Guitar and I left the Denver area on Sunday morning and headed for the far southeast corner of Colorado. Picture Canyon to be precise. Once we left La Junta, CO the population became more and more sparse. By the time we reached our destination there was a ranch house maybe every five square miles. It was 35 miles back to the nearest town. We were scheduled to meet all the other participants at the Picture Canyon picnic area late in the afternoon.
The group we were to work with included 10 volunteers, a cook and the Forest Service archaeologist. The accommodations were what we brought with us. Guitar and I slept in his truck camper, a husband and wife team brought their Scamp trailer and everyone else either slept in their trucks or in tents. There were covered picnic tables and a vault toilet but nothing else including water. The water we drank (and we drank a LOT during the week) and washed with all had to be brought in by each member of the team.
The volunteers were an amazing blend of folk. The picture at the top of the post shows the entire group just before we left on Friday afternoon. In the group we had a 77 year old lady who had more energy and stamina than any three city teenagers put together. There was a retired school teacher and a retired couple from Canyon City, CO, a book store owner, two young students that really knew their stuff and a businessman from the Parker, CO area. Guitar and I were the only members of the group that had not participated in one of these types of events before. After hearing the Forest Service archaeologist say that she had over 40 applications for this event, Guitar and I felt very lucky to have been chosen to participate.
Our task for the week was to survey Forest Service lands for any signs of historic and prehistoric activity. This included finding stone implements or evidence that stone implements were made at a site, looking for rock art left by ancient peoples or graffiti left by later people.
Monday morning was dedicated to training us what to look for and a little sight seeing to show us examples of some of the rock art in Picture Canyon. Amazingly, while we were doing this one of the volunteers discovered an arrowhead point and a stone knife! The point is pictured on the right above.
After a half day of training we headed off to the first area we were to survey. The mechanics of the survey are simple. You get a whole bunch of people in a line and you walk forward looking at the ground for something on the surface. We did not dig in the dirt. Everything we found was laying on the surface....and we found a lot. Sometimes we resorted to crawling around on hands and knees because some of the "finishing flakes" we were looking for, and found, were about a quarter the size of your pinkie fingernail.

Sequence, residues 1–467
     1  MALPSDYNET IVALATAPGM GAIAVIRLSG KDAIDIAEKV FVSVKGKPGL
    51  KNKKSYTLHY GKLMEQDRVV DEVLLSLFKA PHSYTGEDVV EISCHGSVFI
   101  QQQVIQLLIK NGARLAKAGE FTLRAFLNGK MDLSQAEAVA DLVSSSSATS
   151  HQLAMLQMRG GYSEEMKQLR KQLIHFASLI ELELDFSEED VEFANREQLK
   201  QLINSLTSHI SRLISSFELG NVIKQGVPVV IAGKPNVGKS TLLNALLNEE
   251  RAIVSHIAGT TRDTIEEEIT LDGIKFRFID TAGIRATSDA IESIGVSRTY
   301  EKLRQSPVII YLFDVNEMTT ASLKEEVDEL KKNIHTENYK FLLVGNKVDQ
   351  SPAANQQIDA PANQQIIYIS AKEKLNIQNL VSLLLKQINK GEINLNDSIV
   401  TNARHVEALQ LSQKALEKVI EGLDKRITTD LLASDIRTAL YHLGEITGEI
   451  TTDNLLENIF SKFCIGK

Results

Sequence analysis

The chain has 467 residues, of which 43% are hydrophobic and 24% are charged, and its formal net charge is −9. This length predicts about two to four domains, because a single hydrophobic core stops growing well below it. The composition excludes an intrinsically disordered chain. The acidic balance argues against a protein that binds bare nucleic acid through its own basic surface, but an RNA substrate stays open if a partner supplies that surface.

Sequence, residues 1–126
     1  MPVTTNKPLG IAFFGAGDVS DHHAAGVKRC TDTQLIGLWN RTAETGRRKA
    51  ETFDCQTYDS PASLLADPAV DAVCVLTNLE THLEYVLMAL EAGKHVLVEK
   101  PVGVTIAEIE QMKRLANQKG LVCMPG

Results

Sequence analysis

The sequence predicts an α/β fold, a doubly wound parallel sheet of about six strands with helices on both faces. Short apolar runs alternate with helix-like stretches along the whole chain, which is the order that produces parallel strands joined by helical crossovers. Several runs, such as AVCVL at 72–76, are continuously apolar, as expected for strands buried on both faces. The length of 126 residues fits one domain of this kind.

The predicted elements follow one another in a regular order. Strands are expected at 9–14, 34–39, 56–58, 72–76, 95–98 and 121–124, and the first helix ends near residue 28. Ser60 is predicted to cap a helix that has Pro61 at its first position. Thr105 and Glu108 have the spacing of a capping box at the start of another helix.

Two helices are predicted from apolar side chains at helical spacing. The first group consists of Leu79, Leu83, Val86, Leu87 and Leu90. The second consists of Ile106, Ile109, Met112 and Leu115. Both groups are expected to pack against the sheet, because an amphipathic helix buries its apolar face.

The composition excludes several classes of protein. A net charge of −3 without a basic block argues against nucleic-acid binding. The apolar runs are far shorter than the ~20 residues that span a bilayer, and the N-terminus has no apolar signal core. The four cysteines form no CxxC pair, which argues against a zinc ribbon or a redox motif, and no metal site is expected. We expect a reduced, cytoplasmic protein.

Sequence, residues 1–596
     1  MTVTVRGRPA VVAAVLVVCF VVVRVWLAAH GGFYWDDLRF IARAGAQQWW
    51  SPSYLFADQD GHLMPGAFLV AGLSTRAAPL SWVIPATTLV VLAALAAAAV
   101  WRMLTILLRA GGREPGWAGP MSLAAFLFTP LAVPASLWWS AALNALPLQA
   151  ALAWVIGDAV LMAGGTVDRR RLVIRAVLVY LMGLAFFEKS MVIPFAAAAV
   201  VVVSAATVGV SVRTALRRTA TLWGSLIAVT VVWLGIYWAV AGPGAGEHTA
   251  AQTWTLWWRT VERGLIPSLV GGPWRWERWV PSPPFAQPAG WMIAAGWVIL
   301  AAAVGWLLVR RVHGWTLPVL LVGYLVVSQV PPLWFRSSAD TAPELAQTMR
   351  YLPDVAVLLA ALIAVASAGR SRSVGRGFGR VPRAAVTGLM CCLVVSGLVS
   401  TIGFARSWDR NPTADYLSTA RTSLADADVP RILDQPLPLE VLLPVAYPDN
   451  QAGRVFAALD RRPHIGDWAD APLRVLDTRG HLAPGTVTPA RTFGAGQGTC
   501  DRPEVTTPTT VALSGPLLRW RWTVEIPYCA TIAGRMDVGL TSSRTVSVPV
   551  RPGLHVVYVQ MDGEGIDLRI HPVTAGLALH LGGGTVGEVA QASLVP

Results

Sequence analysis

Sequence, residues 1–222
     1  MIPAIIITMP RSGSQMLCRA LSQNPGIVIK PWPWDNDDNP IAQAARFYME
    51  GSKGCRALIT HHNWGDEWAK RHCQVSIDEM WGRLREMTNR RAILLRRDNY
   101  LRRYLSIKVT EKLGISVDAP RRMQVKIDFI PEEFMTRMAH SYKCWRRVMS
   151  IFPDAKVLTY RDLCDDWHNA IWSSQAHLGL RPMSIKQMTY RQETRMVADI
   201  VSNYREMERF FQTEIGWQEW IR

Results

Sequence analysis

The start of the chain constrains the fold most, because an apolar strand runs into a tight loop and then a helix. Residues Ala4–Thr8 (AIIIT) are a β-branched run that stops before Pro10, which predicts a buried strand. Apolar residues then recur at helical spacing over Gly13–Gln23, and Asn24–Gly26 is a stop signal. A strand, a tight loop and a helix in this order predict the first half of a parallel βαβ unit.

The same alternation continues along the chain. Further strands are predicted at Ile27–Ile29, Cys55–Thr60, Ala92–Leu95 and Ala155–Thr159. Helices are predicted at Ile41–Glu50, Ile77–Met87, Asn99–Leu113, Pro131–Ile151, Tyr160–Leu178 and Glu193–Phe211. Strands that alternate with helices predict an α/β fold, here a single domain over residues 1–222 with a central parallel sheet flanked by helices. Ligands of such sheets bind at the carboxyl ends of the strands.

Identification of artifacts required some skill and experience but after a little while it got a bit easier. Since everyone else on the team besides Guitar and I had some experience, it was easy for us to get help or a second opinion.
Some of the artifacts we found were; points, cutting tools, flakes left over from knapping an implement, ground stones, spoke shaves for smoothing arrow shafts and cores. Cores are the big pieces of rock that were the start of an implement. Once these people found the chert or quartzite rock they would pound off a piece to make into an implement of some sort. We also found a lot of expended cores which are what's left over after all the usable pieces were whacked off. The picture above to the right is a quartzite core that clearly shows a piece whacked off on the upper right of the stone.
During the week we went to five different areas that had never been surveyed by an archaeologist before. One area was a "quarry" area where stone was harvested and broken down into smaller pieces. Sometimes it was worked further at the site and sometimes it might have been taken elsewhere to work further. On this site there were hundreds if not thousands of artifacts strewn over a pretty large area.
One site was definitely a campsite where tools were manufactured. We knew this because most of the artifacts were tiny "finishing flakes". These are the last few pieces of stone that are chipped off of the finished product.
One site produced a number of grind stones. These are the flat rocks, usually sandstone, that were used as a surface on which to grind grain or meat. One example is shown at the left above.
The terrain ranged from flat and rolling to steep and rocky. The temps were in the upper 80's and it was hot, strenuous and dirty work. I probably drank a gallon and a half of water a day while we were out. We were back at the campsite by about 5-5:30 p.m. each day, ate dinner at about 6 p.m. Guitar and I were sound asleep not later than 9 p.m. every night.
On Friday morning we went to a site near a rock face called "Inscription Rock". This rock had graffiti scratched in it over a one hundred and fifty year time period. The earliest inscription I found was 1846. There was also a very interesting inscription left by a Colonel in the Oklahoma 1st Cavalry.
The project concluded at noon on Friday and Guitar and I drove to Trinidad State Park to spend the night and get our second shower for the week. Wow did that ever feel good.
As I said at the top of the post, this was an exciting and unique experience. I hope it's not a once in a lifetime experience because I fully intend to volunteer for more of these next year. Here's some more pictures to give you a flavor of the event.....click on any of the images to enlarge them.
Thanks for visiting.